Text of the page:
If you saw my first post from SXSWedu 2016 yesterday, you might think that I planned to summarize each day in a series of posts this week. However, today was so full of learning that I am going to have to spread out my posts a bit. I want to dedicate today’s to a session I attended called, “Can the Finnish Education Miracle Be Replicated?”
As you probably know, Finland’s educational system has been in the news quite a bit in recent years because they have achieved extremely high ratings from PISA. Many people want desperately to know what Finland is doing so right and what the United States is doing so wrong.
Well, first of all, we’re not so wrong. We may not be at the top of the chart, but we aren’t at the bottom either. As Pasi Sahlberg, a Finnish educator who is currently a Harvard visiting professor, pointed out, we need to focus on what we are doing right and make it even better. That being said, there is obviously some room for growth in our country.
The qualities that the top successful countries seem to have in common are these: collaboration, creativity, trust, professionalization, and equity.
According to Sahlburg, one of the areas where the States could use some growth is in equity. “You need to take equity more seriously.” Nearly all of Finland’s students go to public school – not private or charter – and their country’s top priority is keeping their schools equitable.
Sahlburg’s co-presenter, Saku Tuominen works in Finland, and runs an innovation company called “SCOOL” whose mission is to help schools change. SCOOL is helping Finland to implement a radical program called, “HundrED,” to celebrate the country’s 100th year of independence this year. This ambitious project has the following goal, “Over the next two years we will interview 100 global thought leaders, create 100 case studies of exciting education happenings worldwide, and trial 100 new innovations in a selection of schools in Finland for one year. Our findings will be shared with the world for free.”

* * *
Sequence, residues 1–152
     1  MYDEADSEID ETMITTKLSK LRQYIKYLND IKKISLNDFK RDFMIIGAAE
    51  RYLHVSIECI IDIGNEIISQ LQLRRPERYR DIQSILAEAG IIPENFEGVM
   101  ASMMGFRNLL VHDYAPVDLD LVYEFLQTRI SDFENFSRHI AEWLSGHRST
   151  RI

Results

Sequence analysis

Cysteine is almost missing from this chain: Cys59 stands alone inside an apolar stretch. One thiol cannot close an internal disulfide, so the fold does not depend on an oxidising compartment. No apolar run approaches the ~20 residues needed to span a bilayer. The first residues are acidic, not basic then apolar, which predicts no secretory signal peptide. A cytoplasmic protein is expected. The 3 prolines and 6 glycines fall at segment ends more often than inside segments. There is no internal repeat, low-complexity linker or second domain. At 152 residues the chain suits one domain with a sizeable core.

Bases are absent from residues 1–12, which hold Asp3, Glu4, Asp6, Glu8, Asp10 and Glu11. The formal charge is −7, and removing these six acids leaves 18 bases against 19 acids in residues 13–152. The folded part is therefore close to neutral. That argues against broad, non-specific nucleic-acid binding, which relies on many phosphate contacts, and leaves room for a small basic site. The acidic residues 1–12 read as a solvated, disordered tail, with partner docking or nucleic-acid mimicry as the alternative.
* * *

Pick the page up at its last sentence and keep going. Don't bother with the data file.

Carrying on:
Shared with the world. For free! How amazing is that? They will be collecting all of these innovative ideas, compiling them into tremendous resources for their educators, and then giving them to the world. For free. What a beautiful idea!
The criteria the company will be looking for as they select their final products will be:
- Is it fresh?
- Does it make pedagogical sense?
- Can it scale?
An example of one of the 100 new innovations they will be doing in Finland is to assign every high school student to be involved in creating a documentary against racism. To show their commitment to this project, Finland has already rented every movie theater in Finland for one day to showcase the final videos created by the students.
You may need to re-read that last sentence again to digest it fully.
If you would like more information about HundrED, please click here. I anticipate that there will be incredible global advancement in education due to this amazing idea.
In closing, Sahlburg said he would like us to leave with these three ideas:
- Let them play!
- Prepare kids to be wrong.
- Build on what has worked.
To learn more about Finland’s educational system from Sahlburg’s perspective, you may want to read his book, Finnish Lessons 2.0. The 2015 edition is an updated version.